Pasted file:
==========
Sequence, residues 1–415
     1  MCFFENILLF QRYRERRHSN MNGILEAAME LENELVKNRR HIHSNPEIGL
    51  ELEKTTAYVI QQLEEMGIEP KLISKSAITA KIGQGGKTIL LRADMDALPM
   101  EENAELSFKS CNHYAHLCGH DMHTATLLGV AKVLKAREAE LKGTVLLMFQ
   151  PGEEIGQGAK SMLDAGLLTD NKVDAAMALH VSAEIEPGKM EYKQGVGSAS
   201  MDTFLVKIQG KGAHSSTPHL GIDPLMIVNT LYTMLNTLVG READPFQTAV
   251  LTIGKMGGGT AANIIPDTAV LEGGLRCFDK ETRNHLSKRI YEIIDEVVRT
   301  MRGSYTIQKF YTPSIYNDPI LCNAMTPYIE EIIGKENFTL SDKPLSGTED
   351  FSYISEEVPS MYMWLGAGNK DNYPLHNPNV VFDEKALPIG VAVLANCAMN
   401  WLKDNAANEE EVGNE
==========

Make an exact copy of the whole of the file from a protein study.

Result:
Sequence, residues 1–415
     1  MCFFENILLF QRYRERRHSN MNGILEAAME LENELVKNRR HIHSNPEIGL
    51  ELEKTTAYVI QQLEEMGIEP KLISKSAITA KIGQGGKTIL LRADMDALPM
   101  EENAELSFKS CNHYAHLCGH DMHTATLLGV AKVLKAREAE LKGTVLLMFQ
   151  PGEEIGQGAK SMLDAGLLTD NKVDAAMALH VSAEIEPGKM EYKQGVGSAS
   201  MDTFLVKIQG KGAHSSTPHL GIDPLMIVNT LYTMLNTLVG READPFQTAV
   251  LTIGKMGGGT AANIIPDTAV LEGGLRCFDK ETRNHLSKRI YEIIDEVVRT
   301  MRGSYTIQKF YTPSIYNDPI LCNAMTPYIE EIIGKENFTL SDKPLSGTED
   351  FSYISEEVPS MYMWLGAGNK DNYPLHNPNV VFDEKALPIG VAVLANCAMN
   401  WLKDNAANEE EVGNE